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Councillor plans to propose more zoning changes for the Sicamous section of the rail trail

Zoning changes ahead?

Zoning issues for the Sicamous section of the Shuswap North Okanagan Rail Trail were resolved when the District of Sicamous council voted unanimously to pass the zoning amendment bylaw after a public hearing on April 10.

However Coun. Gord Bushell is proposing another zoning change for the trail in order to ease tensions with residents living adjacent to the trail.

The 50-kilometre trail, which is intended for pedestrian and cyclist use, is planned to run along shorelines, through rural farmland and forest from Sicamous to Armstrong.

When the zoning amendment bylaw to allow for construction of the trail initially came before council on Feb. 14, many residents who lived adjacent to the trail came out to request council hold off on approving the zoning until they had renegotiated crossing agreements with the rail trail owners.

The bylaw that was passed after the April 10 public hearing changed the zoning on the rail trail properties to P-3 parks zoning, and will allow for rail trail construction to begin.

Some residents who spoke at the public hearing against the rezoning of the rail trail lands claimed there were legal implications of changing the zoning to P-3, noting these were outlined in a letter from a lawyer.

Zoning concern outlined in letter

The letter is available to view as part of the agenda package for the District of Sicamous Council meeting on April 10 as it was submitted to the public hearing.

The letter comes from Fasken Martineau DuMoulin LLP, one of Canada’s largest law firms. The author of the letter, Christopher Elrick, identifies himself as legal counsel of Randy MacDonald, a Sicamous resident who owns a dock along rail trail lands.

The letter does not contain the threat of a lawsuit, however it does encourage council to reject the bylaw amendment.

In the letter, Elrick puts forward several arguments for rejecting the bylaw. It claims P-3 park zoning does not allow for private moorage or docks.

Kelly Bennett, Chief Administrative Officer of Sicamous said that isn’t the case.

“So our zoning on our water, which dictates whether there's a dock allowed or not… we support in W-1, semi waterfront docks,” Bennett said. “That means if you don't own the land in front of it, we still allow it. But what they do need is they need upland consent, so they need permission from CSRD [Columbia Shuswap Regional District] and RDNO [Regional District of North Okanagan] to have that dock, that's a provincial requirement.”

The CSRD has changed the crossing agreements, and together with the other rail trail owners, created dock permits.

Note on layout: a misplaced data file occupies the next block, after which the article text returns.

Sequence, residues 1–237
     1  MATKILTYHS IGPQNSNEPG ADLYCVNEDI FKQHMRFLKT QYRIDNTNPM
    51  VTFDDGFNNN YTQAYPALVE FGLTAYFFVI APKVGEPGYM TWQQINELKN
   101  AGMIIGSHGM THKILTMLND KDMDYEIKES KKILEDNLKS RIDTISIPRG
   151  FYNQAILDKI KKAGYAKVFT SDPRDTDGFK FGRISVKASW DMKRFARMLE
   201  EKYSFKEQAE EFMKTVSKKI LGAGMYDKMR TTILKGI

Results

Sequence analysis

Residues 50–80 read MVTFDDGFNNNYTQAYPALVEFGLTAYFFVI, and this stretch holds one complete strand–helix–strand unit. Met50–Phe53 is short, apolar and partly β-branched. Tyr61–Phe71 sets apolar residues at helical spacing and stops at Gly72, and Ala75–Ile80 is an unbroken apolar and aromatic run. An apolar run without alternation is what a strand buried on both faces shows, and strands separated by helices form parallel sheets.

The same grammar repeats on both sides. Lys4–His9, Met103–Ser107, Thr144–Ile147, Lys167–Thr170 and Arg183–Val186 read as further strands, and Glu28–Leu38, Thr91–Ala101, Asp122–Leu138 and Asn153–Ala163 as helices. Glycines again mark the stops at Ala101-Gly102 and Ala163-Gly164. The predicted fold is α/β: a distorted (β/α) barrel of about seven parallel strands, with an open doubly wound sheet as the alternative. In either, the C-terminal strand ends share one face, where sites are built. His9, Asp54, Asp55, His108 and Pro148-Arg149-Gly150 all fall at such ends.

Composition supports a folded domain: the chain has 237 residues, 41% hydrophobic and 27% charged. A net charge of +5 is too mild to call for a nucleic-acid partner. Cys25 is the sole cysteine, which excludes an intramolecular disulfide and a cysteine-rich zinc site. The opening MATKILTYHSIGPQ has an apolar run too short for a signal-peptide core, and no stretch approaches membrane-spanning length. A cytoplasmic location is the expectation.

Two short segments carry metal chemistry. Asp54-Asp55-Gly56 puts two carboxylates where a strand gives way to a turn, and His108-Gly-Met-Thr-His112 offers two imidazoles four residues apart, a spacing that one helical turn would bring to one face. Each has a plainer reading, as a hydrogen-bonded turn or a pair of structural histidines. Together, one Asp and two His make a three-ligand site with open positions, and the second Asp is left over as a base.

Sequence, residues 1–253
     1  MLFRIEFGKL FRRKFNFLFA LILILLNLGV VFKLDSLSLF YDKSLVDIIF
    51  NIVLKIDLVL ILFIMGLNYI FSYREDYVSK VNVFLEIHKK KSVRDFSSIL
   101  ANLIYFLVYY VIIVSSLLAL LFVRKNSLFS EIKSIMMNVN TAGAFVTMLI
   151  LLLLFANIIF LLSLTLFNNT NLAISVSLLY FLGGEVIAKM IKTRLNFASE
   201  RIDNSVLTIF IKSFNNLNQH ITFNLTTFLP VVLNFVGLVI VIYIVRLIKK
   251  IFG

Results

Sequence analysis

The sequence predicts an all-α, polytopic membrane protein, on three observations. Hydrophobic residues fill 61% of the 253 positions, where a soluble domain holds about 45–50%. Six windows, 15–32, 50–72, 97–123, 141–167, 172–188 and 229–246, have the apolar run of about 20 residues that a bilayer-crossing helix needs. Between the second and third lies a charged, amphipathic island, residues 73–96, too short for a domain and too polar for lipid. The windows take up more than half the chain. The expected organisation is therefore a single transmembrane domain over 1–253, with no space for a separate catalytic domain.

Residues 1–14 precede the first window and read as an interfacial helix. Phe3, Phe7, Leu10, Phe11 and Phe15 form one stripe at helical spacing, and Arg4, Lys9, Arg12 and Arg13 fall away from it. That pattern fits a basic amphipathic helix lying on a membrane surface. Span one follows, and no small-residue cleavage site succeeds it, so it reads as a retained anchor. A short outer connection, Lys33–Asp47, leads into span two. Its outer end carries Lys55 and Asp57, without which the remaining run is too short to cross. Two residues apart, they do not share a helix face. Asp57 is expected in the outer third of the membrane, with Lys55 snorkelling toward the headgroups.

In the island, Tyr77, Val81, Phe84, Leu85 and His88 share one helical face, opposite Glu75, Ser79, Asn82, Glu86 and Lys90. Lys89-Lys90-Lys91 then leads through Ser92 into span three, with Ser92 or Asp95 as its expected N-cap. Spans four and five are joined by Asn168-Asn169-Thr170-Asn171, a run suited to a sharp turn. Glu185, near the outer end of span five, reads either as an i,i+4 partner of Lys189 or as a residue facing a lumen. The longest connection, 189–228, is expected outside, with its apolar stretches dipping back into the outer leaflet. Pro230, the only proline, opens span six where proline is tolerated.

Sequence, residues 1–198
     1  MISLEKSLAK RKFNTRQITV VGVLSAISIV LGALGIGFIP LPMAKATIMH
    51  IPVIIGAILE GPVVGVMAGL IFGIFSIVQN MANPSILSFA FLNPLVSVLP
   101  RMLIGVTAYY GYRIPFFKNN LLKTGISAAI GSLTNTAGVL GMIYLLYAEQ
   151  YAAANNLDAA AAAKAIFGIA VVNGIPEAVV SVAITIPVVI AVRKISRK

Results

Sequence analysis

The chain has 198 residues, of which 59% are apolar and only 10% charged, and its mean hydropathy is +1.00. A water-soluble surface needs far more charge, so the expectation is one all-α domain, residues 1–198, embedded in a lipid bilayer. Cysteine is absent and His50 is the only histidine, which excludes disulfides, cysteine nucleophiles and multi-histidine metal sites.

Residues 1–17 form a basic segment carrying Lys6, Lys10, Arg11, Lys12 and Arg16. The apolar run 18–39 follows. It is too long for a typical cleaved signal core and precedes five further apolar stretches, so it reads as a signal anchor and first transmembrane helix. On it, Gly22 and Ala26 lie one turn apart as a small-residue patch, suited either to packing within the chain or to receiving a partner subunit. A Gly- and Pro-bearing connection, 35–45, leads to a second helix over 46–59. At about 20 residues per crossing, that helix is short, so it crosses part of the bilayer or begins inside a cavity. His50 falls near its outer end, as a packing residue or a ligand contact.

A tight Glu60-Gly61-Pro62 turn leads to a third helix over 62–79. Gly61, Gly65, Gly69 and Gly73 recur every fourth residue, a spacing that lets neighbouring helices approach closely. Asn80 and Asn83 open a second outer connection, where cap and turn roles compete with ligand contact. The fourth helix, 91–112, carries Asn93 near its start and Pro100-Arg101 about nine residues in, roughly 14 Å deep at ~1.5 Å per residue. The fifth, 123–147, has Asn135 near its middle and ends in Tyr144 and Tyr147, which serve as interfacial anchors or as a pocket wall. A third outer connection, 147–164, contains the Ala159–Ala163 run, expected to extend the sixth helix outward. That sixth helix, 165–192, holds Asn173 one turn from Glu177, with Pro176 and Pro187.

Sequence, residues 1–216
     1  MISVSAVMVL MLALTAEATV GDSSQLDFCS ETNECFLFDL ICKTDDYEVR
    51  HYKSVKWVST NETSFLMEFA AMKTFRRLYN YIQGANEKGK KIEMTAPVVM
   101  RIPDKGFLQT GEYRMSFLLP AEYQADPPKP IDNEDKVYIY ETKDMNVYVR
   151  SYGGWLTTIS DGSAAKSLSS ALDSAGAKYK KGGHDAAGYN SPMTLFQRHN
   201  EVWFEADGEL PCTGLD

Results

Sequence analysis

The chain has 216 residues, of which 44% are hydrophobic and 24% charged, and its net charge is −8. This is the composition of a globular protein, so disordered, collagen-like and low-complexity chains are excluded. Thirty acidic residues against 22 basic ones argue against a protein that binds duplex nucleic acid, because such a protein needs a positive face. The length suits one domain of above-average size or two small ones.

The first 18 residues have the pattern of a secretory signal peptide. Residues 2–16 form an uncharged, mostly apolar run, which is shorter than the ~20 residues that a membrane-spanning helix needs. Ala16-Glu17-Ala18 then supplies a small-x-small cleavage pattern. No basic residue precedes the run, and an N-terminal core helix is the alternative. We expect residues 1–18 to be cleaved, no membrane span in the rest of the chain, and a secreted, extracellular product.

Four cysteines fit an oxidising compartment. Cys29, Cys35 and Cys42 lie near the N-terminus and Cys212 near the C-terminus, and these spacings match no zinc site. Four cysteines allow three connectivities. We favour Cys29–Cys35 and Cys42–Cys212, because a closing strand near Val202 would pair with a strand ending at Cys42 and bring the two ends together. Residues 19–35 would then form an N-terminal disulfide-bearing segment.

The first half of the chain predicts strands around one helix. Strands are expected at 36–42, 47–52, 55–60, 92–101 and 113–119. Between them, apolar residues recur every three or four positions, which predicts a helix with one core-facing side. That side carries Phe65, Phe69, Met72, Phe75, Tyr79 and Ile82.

The permits have a 10-year term that is transferable to a new property owner in the event of a sale, and the permit has the option of a further 10-year renewal. Permits cost $1,000 per year, and the permit is subject to cancellation or relocation with a two year notice.

The terms of the permits have changed at least once in response to feedback from dock owners who objected to the original terms, however CSRD CAO John MacLean said the number of residents who have signed up for permits is “very few”.

He also said that in the event a decision is made for a dock to be removed, that decision would be made by the board of directors, not by CSRD staff.

Councillor to present new zoning suggestion

The lawyer letter also claims since Sicamous' Official Community Plan designates rail trail lands as a transportation corridor, then the P-3 zoning would not be consistent with the OCP.

Kelly Bennett said that isn’t correct.

“So where that's coming from is within our OCP that is identified as a transportation corridor,” she said. “And within our OCP, we support along that channel area a non motorized pathway, which is supported with our parks zone. So just because the name of the zone isn't the same as the name in the OCP, as long as the permitted uses align with what the OCP says, that's perfectly fine.”

Some of the dock owning residents along the trail have called for the properties to be zoned as a transportation corridor.

Currently Sicamous does not have that kind of zoning.

“So we don't currently have any kind of transportation corridor zone,” she said. “So we would have to make up that zone and identify what the permitted uses are within that zone, if we chose to do it.”

“However, with the P-3 zone, we're able to proceed and allow the pathway as a permitted use.”

At the April 24 District of Sicamous committee of the whole meeting, Bushell is planning to present a draft of a new transportation corridor zone titled P-6.

“This zone is intended to support the rail trail and provide a utility corridor for the future expansion of the Westside and services to Splatsin IR #3 and the lands beyond,” the draft document reads.

“Also intended to reduce conflicts among foreshore users, reduce complaints, minimize environmental degradation and support public and residential uses on the Foreshore and surface of Shuswap Lake & Mara Lake, in accordance with provincial private moorage guidelines, as well as recognize existing use by semi-waterfront parcels on Old Spallumcheen Road, Coach Road and Bruhn Road.”

Even with the new transportation corridor zoning, dock owners would still require a dock permit from the CSRD under provincial regulations.



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